- When storing your flowers, follow your florist’s instructions – keep them somewhere cool and away from the business of the wedding morning… the room where wedding prep is taking place (cue hairdryers) is not the best location!
I see many a wilting buttonhole picture on the internet! We personally deliver ours in water and pin them on ourselves when they’re just dry. Some people place them in the fridge although I always worry they’ll blow open when they come into the warm from the fridge, in the shock of the temperature change.
- If the buttonhole has wilted before you come to wear it, as above, re-snip the stems and place in water. I would suggest placing the whole thing in water for as long as you can, then dry on a paper towel.
- If one particular bloom has wilted and cannot revive, DO NOT pull it out of the buttonhole as you’ll make the ribbon or wire loose and the whole thing could fall apart. Instead, snip as far down as possible to the top of the binding point. If there is an obvious hole, insert another wired flower head into the stems.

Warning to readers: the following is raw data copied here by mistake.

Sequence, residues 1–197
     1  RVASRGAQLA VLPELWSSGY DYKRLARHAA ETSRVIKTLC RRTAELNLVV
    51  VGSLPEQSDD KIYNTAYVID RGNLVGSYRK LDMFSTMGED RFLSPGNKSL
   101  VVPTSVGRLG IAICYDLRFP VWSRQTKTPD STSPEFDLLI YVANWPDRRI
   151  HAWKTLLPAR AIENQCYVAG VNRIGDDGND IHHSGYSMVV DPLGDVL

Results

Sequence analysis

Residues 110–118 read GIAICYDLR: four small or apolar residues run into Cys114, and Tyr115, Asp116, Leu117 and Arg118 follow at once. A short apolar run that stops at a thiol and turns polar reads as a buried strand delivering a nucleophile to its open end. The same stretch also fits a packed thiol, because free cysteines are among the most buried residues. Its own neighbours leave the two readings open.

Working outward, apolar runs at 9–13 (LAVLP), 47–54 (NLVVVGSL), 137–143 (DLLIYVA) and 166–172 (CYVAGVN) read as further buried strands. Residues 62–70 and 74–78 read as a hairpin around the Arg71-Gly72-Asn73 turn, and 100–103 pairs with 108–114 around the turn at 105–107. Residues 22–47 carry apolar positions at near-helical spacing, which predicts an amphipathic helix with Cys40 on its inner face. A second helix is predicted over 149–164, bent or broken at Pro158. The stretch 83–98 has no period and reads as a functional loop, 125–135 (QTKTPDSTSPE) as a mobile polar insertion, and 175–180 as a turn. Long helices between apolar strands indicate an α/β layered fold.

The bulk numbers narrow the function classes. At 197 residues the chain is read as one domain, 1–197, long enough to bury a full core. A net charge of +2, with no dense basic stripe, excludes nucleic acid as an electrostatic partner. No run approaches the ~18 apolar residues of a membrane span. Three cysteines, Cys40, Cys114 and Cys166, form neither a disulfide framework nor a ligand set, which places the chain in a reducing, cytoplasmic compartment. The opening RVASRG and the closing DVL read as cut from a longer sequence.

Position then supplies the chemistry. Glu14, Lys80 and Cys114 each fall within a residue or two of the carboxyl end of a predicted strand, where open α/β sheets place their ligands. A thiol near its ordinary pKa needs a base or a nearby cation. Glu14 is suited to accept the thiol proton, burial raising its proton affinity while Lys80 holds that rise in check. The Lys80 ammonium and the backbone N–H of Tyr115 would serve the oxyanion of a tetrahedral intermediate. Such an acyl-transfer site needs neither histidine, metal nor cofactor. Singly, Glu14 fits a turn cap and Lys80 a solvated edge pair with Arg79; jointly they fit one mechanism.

- Always have some spare ribbon in case you need to remake the whole thing. Essentially, depending on the style of your wedding, you want a few clusters of small headed flowers and some thinner, tapering foliage. Bring this all together in a fingers pinch and tie it off with thin, 3mm ribbon or twine. The buttonholes can then be fully submerged in water to keep them fresh.
Sometimes these can be floppy or petals can fall of. There are super delicate pieces and should be treated as such.
I would suggest having a couple of spares on hand just in case you need to replace part-way through the day.
Also, discuss with your florist how these will be tied – they can come on pearl bracelets, ribbon or some have magnets. If the latter, these can simply be glued back on should they come loose.
Hopefully having read through all three parts you’ll be more clued up when it comes to budgeting, more prepared for what to ask your florist, aware of the value behind florists’ professional skills and clued up about what to add to your emergency kit to remedy any flower related emergencies.
Finally, a shout out to the lady herself… THANK YOU Jay for being the author of this series, for sharing your valuable insights and experiences and for inviting us over to Hampshire for a day of jam-packed, hands-on and insightful training at your Floral Design Flower School.
Lots of love…